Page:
It’s October, and in many places round the world this month is designated to raising awareness on mental health. As a positive mental health coach I think that’s a good thing. We’ve decided to focus this month on positive mental health, too.
Statistics on mental health abound, and some of them are quite scary. As we learned last month, far too many of us live with distress in our lives. One in five Australians experience a mental illness each year, and 14% of us suffer from anxiety. All these numbers are cause for concern, given they indicate a lack of positive mental health in many of us.
Positive mental health vs mental health
As I researched this topic, I was reminded how many different attitudes there are to mental health. Google the quotes or the websites and you’ll find many voices, loudly claiming their equal rights as depressed/anxious/mentally ill people. Governments and other agencies somberly work hard to help us deal with those challenging issues well. I applaud them. Mental health deserves to be taken seriously and all people treated with dignity.
But I also hope we can learn to build positive mental health. You see, for the last few decades, more and more research is turning the mental health question on its head. Instead of asking and learning about the sickness end of the spectrum, it’s looking at what the people who’re thriving are doing well. ‘How can we learn from that?’ positive mental health is asking. How can we together learn to be well?
I’m all for RUOK? Days and ‘ItsOkNotToBeOk’ campaigns, but wouldn’t it be nice to find ways to lift beyond that?
What positive mental health isn’t
Being Aussies, some of us will need to fight a strong desire to roll our eyes and make cynical comments about weirdos who think life can be all happiness and light. That’s not what this is about. Positive mental health looks at how to live well in the midst of the challenges, set backs and put downs life throws at us. It considers the attitudes and practices that build resilience and encourages hope. And it finds ways to build in the life skills that help you – and others! – succeed.
In other words, the positive end of mental health wants to enable us to live the better life, be personally well and navigate change with skill. Doesn’t that appeal to you? It does to me….! And it explains why I reckon it’s worth thinking about.
Just imagine how the world would be if we could learn to deal with and address our stress, low self-esteem, negemos and other challenging parts of life. How much better if our kids had healthy approaches to friendships, problem solving and learning?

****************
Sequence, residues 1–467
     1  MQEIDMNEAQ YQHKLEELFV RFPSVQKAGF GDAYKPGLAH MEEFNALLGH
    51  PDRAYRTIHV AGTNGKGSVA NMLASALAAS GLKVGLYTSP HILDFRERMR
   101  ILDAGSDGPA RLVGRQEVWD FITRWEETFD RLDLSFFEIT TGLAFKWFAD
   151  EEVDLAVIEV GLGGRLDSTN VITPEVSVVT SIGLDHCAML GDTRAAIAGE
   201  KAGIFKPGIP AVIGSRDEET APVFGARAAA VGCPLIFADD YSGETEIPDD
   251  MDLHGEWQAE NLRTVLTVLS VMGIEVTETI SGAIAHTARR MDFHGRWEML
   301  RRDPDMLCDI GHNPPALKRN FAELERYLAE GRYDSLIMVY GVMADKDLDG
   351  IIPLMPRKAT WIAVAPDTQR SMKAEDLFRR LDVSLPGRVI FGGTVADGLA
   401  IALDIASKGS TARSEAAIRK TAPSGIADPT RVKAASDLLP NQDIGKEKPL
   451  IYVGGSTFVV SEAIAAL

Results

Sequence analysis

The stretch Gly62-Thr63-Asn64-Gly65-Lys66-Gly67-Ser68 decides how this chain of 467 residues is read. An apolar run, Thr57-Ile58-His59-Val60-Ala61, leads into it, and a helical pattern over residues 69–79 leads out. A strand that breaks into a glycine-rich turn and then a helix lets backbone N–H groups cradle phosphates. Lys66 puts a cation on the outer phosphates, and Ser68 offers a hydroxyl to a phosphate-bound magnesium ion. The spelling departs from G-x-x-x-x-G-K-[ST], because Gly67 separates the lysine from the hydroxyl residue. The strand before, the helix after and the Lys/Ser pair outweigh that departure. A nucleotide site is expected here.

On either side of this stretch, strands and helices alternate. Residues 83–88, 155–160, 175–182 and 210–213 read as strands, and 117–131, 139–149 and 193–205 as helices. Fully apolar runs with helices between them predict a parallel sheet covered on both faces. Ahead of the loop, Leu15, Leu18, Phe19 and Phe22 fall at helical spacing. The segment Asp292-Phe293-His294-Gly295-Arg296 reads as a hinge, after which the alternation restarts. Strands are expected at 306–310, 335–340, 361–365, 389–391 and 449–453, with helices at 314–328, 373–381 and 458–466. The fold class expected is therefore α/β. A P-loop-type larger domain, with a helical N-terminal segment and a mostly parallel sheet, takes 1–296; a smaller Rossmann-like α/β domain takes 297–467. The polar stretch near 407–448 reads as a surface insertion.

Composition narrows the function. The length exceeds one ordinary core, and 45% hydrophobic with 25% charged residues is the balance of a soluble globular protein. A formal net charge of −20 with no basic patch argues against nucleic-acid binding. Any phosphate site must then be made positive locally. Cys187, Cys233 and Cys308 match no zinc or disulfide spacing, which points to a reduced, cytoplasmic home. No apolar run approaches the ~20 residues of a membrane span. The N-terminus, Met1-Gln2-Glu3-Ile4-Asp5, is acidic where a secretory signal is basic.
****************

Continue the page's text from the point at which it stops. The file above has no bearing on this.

Key concepts within positive mental health
Theory’s all very fine, but what are some underlying concepts that determine how healthy the state of thought life is? Well, here’s five I consider key to start with:
1. Thinking and feeling in tandem
There are people whose lives are dragged round by the emotions they’re constantly experiencing, and others who ‘don’t do feelings’ at all! Neither end of the spectrum leads you to a good life. Learning to heed our feelings but balance that out with some considered thinking’s the only way to get through life and be able to celebrate our humanity. Taming the Negemos (our term for those bad feelings we struggle with) is necessary to using them well. And not being controlled by them’s critical to sane and healthy living.
2. We, not me
A ‘me’ saturated culture encourages us to hold onto a childish and competitive ideal: that of life completely rotating round you. It’s not workable. Not only does it make you miserable, it creates mini wars with others in your world. Which leaves behind trails of hurt and anger. And other unhealthy mental realities.
You matter a great deal. But so do I. And we need each other. Accepting this reality and learning to live it benefits everyone, including you. If you want to feel better, work on your relationships.
3. Choose to give attention to the positives
What’s the difference between people who’re happy and those who aren’t? Do they have more money? Better things happening to them?